As the year nears its end, I become excited about the publication of the Top 100 book lists. One book on every list I’ve seen is Hunger: A memoir of my body by Roxane Gay. When I am a grown-up writer, I want to be Roxane Gay. (Sorry Gabrielle Zevin, you’ve been usurped for now. I still love The Storied Life of A.J. Fikry, though.) If you’re interested in reading Hunger, know that it’s not an easy book to get through. The author bares all in her writing.
I hadn’t known of her previously, but Roxane Gay is a respected author of both fiction and nonfiction. She is also morbidly obese in what she justly calls a fat-phobic society. She was gang raped at age 12, after which she gained weight to keep herself physically and sexually safe from others. Dr. Gay views herself as a victim rather than a survivor of her rape, and acknowledges she has not healed from the trauma. She suggests people stop judging the obese without knowing their story, and realize that fat [her word] people have other attributes too.
Dr. Gay, who has a Ph.D. in technical writing and is currently a professor at Purdue University, acknowledges years of self-loathing, challenged relationships, and discomfort in her own body. Her frankness about her life is both uncomfortable and enlightening. She described the profound effects of an emotionally abusive relationship in a way that still haunts me.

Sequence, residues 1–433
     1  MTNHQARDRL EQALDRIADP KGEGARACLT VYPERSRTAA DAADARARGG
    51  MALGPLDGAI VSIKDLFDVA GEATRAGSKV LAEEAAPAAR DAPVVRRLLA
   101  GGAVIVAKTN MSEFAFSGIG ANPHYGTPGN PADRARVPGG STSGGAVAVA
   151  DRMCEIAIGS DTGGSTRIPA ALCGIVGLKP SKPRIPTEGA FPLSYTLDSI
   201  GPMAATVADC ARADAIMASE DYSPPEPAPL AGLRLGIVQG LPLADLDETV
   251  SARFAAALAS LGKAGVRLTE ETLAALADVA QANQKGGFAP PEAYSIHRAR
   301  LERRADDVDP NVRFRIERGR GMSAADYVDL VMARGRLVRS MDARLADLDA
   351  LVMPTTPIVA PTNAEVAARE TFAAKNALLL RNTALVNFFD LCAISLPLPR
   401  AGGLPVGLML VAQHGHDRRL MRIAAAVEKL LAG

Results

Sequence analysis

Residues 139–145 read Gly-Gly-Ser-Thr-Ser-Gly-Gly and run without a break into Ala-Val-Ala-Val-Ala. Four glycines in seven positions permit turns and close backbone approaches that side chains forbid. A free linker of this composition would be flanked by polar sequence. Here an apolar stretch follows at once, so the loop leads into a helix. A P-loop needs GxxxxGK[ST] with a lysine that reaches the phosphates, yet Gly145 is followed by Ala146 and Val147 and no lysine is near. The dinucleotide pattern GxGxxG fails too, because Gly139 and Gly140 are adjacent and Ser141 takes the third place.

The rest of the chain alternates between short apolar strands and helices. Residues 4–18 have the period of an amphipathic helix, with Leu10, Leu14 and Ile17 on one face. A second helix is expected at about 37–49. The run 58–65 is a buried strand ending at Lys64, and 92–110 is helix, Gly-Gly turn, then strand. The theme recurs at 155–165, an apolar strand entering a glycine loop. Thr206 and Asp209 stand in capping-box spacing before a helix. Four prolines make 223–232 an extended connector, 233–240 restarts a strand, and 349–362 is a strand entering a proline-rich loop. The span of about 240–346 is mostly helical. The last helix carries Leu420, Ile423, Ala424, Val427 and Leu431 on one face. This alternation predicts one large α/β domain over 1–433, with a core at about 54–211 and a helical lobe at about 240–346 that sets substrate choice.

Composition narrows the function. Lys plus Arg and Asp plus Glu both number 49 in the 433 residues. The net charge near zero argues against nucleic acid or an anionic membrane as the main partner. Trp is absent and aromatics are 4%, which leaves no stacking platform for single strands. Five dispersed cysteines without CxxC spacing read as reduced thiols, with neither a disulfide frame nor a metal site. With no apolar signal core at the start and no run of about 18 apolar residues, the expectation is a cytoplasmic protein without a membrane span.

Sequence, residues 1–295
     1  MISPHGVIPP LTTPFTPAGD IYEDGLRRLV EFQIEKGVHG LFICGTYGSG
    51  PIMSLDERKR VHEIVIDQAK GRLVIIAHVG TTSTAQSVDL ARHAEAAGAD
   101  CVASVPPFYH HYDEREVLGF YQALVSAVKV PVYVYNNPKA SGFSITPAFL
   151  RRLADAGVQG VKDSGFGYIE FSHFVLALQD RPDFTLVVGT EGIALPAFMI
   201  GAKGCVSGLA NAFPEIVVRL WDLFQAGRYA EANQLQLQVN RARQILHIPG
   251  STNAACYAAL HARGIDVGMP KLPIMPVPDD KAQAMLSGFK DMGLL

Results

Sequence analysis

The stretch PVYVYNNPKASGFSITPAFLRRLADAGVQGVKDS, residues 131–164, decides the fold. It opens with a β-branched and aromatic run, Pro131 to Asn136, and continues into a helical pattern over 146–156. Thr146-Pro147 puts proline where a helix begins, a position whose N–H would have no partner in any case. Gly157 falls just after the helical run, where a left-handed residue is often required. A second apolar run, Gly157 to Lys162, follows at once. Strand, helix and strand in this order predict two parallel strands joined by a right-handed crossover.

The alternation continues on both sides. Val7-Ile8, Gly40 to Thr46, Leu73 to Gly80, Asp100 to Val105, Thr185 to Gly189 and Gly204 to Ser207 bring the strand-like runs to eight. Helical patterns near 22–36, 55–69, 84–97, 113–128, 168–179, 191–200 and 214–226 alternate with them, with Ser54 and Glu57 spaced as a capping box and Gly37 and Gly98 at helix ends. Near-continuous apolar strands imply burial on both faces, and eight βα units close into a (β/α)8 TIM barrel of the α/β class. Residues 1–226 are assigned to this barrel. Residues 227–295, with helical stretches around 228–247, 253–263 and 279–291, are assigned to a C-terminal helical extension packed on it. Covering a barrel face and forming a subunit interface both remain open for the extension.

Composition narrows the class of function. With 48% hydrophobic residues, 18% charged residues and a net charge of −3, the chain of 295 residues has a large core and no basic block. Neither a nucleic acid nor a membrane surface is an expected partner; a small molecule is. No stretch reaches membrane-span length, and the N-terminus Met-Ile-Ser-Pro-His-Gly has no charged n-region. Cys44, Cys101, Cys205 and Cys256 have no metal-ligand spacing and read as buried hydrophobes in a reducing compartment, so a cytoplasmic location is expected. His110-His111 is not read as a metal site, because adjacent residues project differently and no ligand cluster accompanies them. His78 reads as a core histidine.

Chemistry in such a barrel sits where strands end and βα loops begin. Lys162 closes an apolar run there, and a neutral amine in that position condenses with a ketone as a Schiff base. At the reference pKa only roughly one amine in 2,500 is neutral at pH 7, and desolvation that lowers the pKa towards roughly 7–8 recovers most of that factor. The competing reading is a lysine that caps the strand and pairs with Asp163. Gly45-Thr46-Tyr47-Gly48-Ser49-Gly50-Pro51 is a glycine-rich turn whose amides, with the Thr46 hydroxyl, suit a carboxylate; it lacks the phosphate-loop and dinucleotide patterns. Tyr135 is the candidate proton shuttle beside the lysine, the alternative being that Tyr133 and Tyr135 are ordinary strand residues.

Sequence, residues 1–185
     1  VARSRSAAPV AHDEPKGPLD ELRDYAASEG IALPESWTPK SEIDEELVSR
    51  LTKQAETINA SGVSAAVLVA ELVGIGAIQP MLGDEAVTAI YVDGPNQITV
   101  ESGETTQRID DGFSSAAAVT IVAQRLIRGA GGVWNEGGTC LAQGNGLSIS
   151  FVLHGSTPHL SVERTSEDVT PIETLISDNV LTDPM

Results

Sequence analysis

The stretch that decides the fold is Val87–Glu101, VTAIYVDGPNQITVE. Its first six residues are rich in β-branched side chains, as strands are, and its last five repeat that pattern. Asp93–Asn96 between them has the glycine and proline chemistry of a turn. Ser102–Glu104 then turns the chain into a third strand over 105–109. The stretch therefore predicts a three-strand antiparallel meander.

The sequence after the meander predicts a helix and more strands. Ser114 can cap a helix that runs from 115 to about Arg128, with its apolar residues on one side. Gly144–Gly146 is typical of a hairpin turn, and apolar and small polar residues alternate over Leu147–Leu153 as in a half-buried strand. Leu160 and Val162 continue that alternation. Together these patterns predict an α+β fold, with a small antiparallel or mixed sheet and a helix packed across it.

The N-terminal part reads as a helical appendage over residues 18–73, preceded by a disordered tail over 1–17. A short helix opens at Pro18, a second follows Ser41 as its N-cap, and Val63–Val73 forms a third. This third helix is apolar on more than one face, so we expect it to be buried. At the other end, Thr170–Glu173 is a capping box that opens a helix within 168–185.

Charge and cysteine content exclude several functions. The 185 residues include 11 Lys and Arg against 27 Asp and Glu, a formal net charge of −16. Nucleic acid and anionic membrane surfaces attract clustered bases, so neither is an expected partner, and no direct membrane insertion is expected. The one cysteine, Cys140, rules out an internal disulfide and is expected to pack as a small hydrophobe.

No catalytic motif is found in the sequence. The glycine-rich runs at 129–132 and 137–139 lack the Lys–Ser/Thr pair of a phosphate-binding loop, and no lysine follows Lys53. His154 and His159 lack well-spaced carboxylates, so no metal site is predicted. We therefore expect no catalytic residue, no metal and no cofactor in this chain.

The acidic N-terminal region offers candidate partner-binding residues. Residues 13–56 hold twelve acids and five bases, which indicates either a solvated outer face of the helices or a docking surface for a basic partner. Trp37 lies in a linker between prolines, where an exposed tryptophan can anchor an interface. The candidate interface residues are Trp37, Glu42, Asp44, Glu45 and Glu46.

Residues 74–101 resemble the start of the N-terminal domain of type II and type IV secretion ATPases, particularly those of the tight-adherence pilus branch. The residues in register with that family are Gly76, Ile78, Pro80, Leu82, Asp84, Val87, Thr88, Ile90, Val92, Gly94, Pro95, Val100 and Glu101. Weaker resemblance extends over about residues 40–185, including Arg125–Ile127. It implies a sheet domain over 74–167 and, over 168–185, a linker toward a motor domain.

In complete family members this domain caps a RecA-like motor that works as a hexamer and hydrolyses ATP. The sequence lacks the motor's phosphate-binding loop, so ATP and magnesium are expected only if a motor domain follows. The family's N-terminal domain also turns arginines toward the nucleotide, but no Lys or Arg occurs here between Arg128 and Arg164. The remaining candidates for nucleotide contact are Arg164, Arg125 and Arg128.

She speaks of the all-too-frequent judgement and the difficult situations that she experiences. Strangers censure what she places in her grocery cart and deride her as she walks down the street. Well-meaning friends patronize her by sharing their insights about food, nutrition, and weight loss. Professional colleagues cannot hide their surprise when, after corresponding on line, they first encounter her in her physical glory. Imagine realizing you’ve been provided a chair for a reading that will not comfortably support your body, and worrying the whole time that that chair could break.
This book helped me to imagine what being obese would feel like in a society where thinness equals beauty. Is anyone truly above judging people based on their outward appearances? I know I’m not.
Near the end of the book, Dr. Gay described an ankle break that resulted in a hospital stay, and her community of support’s unexpected rallying around her. Despite all her self-loathing, she realized how many people love her and would miss her if something were to happen to her. I was reminded of how moved I was by my own troops’ tremendous support of both me and J. when I was deathly ill in the ICU. I also recall how much I appreciated the teary hugs I received when I was finally sent home. I too felt that I would have been missed had I not survived.
I can’t say reading this book will be fun, but you too could scratch an insightful read off your Top 100 list. Like me, you may find that Dr. Gay’s insights stay with you. When I’m next on an airplane and the fattest person walking down the aisle takes the seat next to me, I’ll think about this book, and I’ll make as much room as I can. Do unto others and all….